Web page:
by Ed Kyle, Updated 10/23/2009
NASA’s Ares I-X will serve as a precursor test of the Agency’s planned Ares I crew launch vehicle. The relatively short suborbital flight will test overall vehicle control, roll control, staging and separation dynamics, launch operations, and vehicle loads. The test will also examine reentry dynamics and first stage recovery for the longer, heavier first stage compared to existing Shuttle solid rocket motors.
Ares I-X will be powered by a live four-segment reusable solid rocket motor reassigned from the Shuttle program. A simulated fifth motor segment, upper stage simulator, and Orion crew module/launch abort system simulator will top the motor. Atlas 5-based avionics, located in the simulated fifth motor segment, will guide and control the vehicle. Hundreds of sensors will feed data to the avionics for telemetering back to the ground.
The rocket will stand 99.7 meters tall and weigh 816.5 tonnes at liftoff. The first stage motor will produce 1,419.8 tonnes maximum thrust and 1,179.4 tonnes average thrust during its two minute burn. Ares I-X will rise straight up from its Kennedy Space Center LC 39B launch platform for six seconds before the vehicle’s pair of 1.13 tonne thrust roll control thrusters, located on opposite sides of the simulated interstage, will begin firing to roll the rocket by 90 degrees. Seven seconds after liftoff, the first stage motor nozzle will gimbal to begin to pitch Ares I-X gradually on a due east course toward the Atlantic Ocean horizon.
First stage burnout will occur 120 seconds after liftoff at an altitude of 39.6 km, about 68.5 km downrange, with the vehicle traveling nearly 1.5 km per second (3,327 mph). Four seconds after first stage motor burnout, the first stage and upper stage simulator will separate just below the flared frustrum section. Eight booster deceleration motors located on the aft skirt of the first stage will fire to “back” the stage away from the upper composite. Meanwhile, four booster tumble motors on the aft skirt will fire to push the stage into a slow flat spin.
The separated stages will rise to an altitude of 45.7 km before beginning to descend. The first stage will be exposed to maximum reentry forces about 252 seconds after liftoff at an altitude of 16.7 km as the booster decelerates to 0.7 km/sec.
About 315 seconds after liftoff, with the stage traveling 0.16 km/sec roughly 4.7 km above the Atlantic, the first stage aeroshell will jettison and the pilot chute, followed by the larger drogue chute, will deploy. 340 seconds after liftoff, 1.4 km above the Atlantic, the Forward Skirt Extension will separate, pulling the main chutes – larger than the Shuttle SRB parachutes – out for deployment. Just before splashdown, about 360 seconds after liftoff and 231.5 km downrange, charges will fire to sever the first stage motor’s nozzle. The booster and fifth segment simulator will splashdown about 369 seconds after liftoff to be recovered by one of NASA’s retrieval ships. The Forward Skirt Extension will float down beneath the drogue chute until splashing down about 430 seconds after liftoff.
Ares I-X differs from the planned Ares I launch vehicle in numerous ways. The most noticeable difference is the outer mold line of the Orion crew module simulator, which matches an early, now discarded design. Ares I/Orion will be topped by a ogive fairing that will completely cover the Orion crew module. Ares I will weigh 90.7 tonnes more than Ares I-X. The five-segment Ares I first stage motor will produce nearly 168 tonnes more peak thrust. As a result, the Ares I first stage will fly faster, higher, and farther than its Ares I-X counterpart.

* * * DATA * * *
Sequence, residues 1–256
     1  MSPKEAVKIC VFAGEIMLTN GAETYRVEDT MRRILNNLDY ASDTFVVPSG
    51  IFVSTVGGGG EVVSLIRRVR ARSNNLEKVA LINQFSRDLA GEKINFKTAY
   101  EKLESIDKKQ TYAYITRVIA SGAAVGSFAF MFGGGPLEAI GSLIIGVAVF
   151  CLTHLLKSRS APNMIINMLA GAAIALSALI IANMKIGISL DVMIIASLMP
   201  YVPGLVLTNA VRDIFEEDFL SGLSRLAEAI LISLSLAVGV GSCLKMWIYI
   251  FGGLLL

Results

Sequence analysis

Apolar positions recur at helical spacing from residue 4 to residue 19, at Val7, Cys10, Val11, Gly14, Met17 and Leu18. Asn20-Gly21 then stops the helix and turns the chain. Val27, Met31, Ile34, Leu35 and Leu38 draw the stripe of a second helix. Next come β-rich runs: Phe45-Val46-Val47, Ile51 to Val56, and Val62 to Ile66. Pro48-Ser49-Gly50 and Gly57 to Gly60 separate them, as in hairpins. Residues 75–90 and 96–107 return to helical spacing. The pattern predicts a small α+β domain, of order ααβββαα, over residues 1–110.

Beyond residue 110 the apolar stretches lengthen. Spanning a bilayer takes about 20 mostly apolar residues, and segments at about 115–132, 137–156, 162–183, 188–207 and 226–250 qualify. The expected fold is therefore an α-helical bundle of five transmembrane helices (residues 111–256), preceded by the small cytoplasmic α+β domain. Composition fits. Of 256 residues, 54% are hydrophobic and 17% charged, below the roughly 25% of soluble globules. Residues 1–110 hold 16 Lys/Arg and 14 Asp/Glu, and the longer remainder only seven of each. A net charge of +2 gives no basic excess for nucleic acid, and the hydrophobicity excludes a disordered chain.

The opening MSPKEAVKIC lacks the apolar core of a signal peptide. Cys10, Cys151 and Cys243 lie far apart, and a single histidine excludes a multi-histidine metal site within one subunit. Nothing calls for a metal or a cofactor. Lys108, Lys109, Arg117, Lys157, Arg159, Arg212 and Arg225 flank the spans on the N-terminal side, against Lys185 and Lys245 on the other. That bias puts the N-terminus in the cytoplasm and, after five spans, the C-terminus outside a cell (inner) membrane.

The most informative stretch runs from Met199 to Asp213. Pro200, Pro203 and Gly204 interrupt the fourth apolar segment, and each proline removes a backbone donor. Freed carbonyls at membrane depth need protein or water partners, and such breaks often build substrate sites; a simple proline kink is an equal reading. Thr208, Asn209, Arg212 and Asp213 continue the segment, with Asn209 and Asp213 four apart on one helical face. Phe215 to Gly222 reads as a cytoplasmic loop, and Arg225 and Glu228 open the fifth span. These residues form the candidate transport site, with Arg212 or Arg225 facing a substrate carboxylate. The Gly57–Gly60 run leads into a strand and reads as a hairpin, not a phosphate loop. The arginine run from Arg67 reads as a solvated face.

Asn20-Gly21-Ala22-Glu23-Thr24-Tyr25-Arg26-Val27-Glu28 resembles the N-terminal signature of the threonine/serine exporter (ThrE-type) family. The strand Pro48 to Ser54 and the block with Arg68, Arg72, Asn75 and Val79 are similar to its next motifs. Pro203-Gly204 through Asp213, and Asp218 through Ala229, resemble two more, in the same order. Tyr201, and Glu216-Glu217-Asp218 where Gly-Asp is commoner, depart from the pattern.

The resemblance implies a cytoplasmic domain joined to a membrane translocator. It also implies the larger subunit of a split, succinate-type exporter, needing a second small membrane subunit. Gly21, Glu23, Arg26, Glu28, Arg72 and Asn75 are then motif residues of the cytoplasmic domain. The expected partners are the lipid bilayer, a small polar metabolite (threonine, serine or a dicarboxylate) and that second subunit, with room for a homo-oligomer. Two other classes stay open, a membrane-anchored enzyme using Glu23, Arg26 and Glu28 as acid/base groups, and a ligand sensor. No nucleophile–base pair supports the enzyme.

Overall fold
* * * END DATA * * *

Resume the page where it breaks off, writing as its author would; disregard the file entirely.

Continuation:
During 2008 and 2009, LC 39B was modified to support the Ares I-X launch. Three 183 meter tall lightning protection towers were built to surround the pad. The familiar “beanie cap” and crew access arms were removed from the fixed umbilical tower, and an Ares I-X vehicle stabilizer arm was added.
Ares I-X simulator parts began arriving at KSC’s Vehicle Assembly Building during the Fall of 2008.
NASA’s Glenn Center in Cleveland, Ohio built the 204 tonne, 5.5 meter diameter, 30+ meter tall Upper Stage Simulator, which was shipped in 11 segments.
NASA’s Langley Center built the Orion/LAS Simulator.
NASA’s Marshall Center assembled the hypergolic liquid thruster Roll Control System from components harvested from retired MX Peacekeeper ICBMs. The thrusters burn nitrogen tetroxide (N2O4) and monomethyl hydrazine (MMH). Marshall also oversaw development of the Ares I-X avionics system, an effort performed by Jacobs Engineering and Lockheed Martin. Lockheed Martin tested the avionics in a flight simulator lab in Denver, Colorado.
ATK provided the 3.66 meter diameter first stage motor, segment simulator, forward skirt and skirt extension and the tapered Frustum section. The motor looks much like a Shuttle SRB with the addition of a black “Z-stripe” to provide visual roll cues and the red letters “USA” on one side.
Vehicle stacking on Mobile Launcher Platform 1, in High Bay 3, began during early July of 2009. MLP 1 was first used for the Apollo 10 launch from LC 39B in May, 1969. It hosted Apollos 13, 15, 16, and 17, and was used for 51 Space Shuttle launches, including the first (STS-1) in 1981.
The completed rocket, the tallest rocket at KSC since Saturn V, was rolled from the VAB to LC 39B on October 20, 2009 for its planned October 27 launch.